Government officials and community organizations alike are concerned with possible tax reforms they say could cost Long Island residents millions.
While President Donald Trump (R) has not released any formal proposal yet for tax reform, organizations like the Long Island Association, a nonprofit group focused on business and civic affairs, are reacting to both Trump’s and his administration’s rhetoric during and since the 2016 election.
The LIA sent Trump a letter in December outlining some of their fears with possible tax reform in the coming year, specifically the possibility of eliminating deductions for real property taxes, mortgage interest, state income tax and reducing charitable donation deductions.
“We are concerned about some of the comments your Secretary of Treasury nominee Steven Mnuchin made about limiting the ability to deduct mortgage interest and property taxes on federal tax returns,” the letter from the organization said. “Speaker Paul Ryan has also expressed support for scaling back or eliminating the deduction for state and local income and property taxes.”
Matt Cohen, vice president of government affairs and communications for the LIA, said eliminating deductions could be a “disaster,” for Long Island. He referenced various news articles including one in The Hill, which reported the administration is taking a “serious look,” at capping deductions including ones for charitable donations.
“If these proposals are given more structure and momentum it would be devastating for Long Island.”
“If these proposals are given more structure and momentum it would be devastating for Long Island,” he said in a phone interview.
The LIA Research Institute did a study on the effects eliminating the deductions might have and said it could cost Long Islander’s $4.4 billion. In a 2013 report, they found Long Island sends the federal government $23.1 billion more than it receives back in programs and services from the government, so taxpayers in all brackets would be impacted by these cuts to deductions. The study said the middle class would be hit especially hard with tax increases, anywhere from $1,000 to $4,000 annually, and $3 billion would be taken away from the regional economy.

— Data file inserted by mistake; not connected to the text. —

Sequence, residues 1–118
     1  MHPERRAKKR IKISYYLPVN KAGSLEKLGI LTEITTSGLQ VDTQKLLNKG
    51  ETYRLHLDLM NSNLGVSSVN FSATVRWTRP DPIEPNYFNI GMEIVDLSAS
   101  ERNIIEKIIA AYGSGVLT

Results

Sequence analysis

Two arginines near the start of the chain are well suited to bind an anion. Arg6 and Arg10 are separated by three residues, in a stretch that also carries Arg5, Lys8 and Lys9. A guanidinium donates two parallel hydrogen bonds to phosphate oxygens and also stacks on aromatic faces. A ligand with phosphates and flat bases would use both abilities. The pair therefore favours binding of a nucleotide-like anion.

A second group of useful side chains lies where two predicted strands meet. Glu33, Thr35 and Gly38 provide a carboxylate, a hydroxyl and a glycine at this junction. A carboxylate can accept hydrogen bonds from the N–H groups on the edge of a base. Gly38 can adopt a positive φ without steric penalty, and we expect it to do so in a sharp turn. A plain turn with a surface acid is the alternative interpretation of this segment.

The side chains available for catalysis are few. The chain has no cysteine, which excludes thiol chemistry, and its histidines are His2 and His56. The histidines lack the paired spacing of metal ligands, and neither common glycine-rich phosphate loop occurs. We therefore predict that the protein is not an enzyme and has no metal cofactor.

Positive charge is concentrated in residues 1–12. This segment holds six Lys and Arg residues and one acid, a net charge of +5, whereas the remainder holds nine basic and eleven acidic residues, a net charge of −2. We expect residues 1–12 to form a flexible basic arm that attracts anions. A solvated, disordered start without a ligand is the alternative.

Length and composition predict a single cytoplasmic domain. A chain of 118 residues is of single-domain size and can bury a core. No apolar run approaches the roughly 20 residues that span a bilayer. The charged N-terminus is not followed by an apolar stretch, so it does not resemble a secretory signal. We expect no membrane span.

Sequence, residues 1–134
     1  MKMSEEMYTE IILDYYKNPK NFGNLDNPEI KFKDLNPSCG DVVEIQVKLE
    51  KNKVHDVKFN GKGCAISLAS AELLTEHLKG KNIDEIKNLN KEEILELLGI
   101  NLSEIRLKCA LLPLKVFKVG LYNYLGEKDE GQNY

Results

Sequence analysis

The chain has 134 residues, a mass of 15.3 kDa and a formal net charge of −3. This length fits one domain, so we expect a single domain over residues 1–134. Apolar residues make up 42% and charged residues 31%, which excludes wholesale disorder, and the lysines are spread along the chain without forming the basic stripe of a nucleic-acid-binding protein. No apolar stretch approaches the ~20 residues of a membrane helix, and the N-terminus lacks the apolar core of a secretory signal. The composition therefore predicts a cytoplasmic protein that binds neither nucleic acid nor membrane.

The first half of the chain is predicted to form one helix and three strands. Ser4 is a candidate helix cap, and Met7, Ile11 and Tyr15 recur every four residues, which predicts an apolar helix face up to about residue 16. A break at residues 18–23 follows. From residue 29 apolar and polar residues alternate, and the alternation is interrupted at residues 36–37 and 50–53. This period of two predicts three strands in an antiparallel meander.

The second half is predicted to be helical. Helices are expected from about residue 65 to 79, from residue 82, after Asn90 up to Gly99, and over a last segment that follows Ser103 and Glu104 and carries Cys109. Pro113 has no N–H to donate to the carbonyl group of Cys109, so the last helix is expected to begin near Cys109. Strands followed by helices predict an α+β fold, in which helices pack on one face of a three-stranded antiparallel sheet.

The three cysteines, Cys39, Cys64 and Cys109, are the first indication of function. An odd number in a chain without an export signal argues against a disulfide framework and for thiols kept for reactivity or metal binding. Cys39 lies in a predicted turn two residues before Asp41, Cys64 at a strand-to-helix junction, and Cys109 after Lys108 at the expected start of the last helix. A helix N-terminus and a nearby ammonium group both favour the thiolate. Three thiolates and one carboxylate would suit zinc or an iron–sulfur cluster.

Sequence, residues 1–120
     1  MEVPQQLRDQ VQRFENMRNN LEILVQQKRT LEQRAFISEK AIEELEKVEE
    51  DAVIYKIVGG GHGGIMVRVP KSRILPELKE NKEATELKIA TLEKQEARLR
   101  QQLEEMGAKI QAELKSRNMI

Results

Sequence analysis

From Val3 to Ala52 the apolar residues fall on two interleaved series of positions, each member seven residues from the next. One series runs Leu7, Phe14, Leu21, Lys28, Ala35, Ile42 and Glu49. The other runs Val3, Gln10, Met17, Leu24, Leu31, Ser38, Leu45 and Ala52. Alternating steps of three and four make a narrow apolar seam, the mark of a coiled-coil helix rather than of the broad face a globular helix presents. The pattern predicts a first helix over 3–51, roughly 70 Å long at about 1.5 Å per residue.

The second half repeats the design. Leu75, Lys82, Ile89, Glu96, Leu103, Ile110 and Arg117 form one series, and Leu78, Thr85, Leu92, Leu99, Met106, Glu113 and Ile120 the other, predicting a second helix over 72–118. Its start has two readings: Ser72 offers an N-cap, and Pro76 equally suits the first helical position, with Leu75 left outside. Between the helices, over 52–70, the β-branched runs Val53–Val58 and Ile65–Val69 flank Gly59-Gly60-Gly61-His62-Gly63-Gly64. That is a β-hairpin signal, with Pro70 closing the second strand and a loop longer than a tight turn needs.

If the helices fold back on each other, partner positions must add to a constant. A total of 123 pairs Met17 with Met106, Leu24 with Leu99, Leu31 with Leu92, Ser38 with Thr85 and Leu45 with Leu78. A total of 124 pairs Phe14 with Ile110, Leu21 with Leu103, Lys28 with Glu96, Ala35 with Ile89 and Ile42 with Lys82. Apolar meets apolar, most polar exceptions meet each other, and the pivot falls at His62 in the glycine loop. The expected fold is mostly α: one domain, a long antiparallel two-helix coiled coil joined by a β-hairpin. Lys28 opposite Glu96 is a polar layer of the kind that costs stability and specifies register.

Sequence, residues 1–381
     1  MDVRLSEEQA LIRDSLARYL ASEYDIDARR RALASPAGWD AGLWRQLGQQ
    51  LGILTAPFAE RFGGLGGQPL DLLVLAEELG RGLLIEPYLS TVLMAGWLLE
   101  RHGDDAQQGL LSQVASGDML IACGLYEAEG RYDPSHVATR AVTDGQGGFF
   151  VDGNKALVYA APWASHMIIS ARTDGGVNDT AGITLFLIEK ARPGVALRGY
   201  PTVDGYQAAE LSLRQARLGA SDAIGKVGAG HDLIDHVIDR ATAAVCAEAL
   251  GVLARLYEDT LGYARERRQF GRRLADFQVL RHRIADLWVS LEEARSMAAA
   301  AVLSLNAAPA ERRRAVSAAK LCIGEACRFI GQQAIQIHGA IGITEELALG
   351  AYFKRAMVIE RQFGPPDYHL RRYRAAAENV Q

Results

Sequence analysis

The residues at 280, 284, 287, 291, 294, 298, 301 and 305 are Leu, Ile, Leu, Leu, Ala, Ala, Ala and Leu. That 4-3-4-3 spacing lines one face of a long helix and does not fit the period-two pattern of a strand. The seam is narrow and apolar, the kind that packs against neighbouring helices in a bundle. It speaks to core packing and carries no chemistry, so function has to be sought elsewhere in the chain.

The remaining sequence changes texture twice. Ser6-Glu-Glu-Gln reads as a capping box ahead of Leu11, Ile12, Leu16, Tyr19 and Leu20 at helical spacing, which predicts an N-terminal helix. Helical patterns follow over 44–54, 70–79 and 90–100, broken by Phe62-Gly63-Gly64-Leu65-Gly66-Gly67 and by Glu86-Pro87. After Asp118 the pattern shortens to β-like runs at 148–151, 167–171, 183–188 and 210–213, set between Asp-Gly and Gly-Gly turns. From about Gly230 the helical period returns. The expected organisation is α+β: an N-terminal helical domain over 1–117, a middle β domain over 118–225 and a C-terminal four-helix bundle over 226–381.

“No matter who you are, if you’re deducting mortgage interest on your returns you’re going to get hurt by this,” Cohen said. “In an area with high costs and high taxes, this could even drag down the real estate market.”
Cohen is not the only one who is concerned.
Suffolk County legislators and Executive Steve Bellone (D) echoed the sentiments.
“For Suffolk County residents, who already pay a steep price in property taxes, this type of tax reform will be a blow to homeowners and will have a negative ripple effect on our economy as a whole,” Legislator William “Doc” Spencer (D-Centerport) said at an event earlier this month. “With potential increases as high as $4,000, this reform will cut off many Suffolk County residents from the American dream by discouraging home ownership, and will cripple current homeowners’ ability to make ends meet.”
Legislator Steve Stern (D-Dix Hills) stressed the importance of residents understanding this debate as it reaches the national stage.
“Whether you are a local business owner or a middle class Suffolk County resident looking forward to a reduction in your taxes as it was promised along the campaign trail, it’s important for all of us to understand what the impact to each of us will actually be if you have a proposal such as this one that would be implemented,” he said.
Bellone said the elimination of these deductions is not welcome to Suffolk County.
“Any attempt by Washington to eviscerate these critical financial incentives under the guise of tax reform is a nonstarter and should be dead on arrival,” he said. “Instead of making it more costly to own a home on Long Island, the federal government should do more to lower taxes for hardworking homeowners and not the other way around.”
Elected officials were not the only voices speaking up.
Robert J. Ansell, board member of the Huntington Township Chamber of Commerce also spoke at the April 5 press event.
“Two-thirds of the country’s gross domestic product is consumer spending,” Ansell said. “The elimination of the mortgage interest, state income tax, and real property tax deductions not only puts a significant damper on incentivizing home ownership, but will also mean that families will have less disposable income to spend in their communities on local businesses.”
Cohen said it’s important to get out early with this issue, even though no formal or concrete decisions have been made yet.
“It’s a new administration, a new theme with new policies — we just want to get out ahead of this and show where we stand,” he said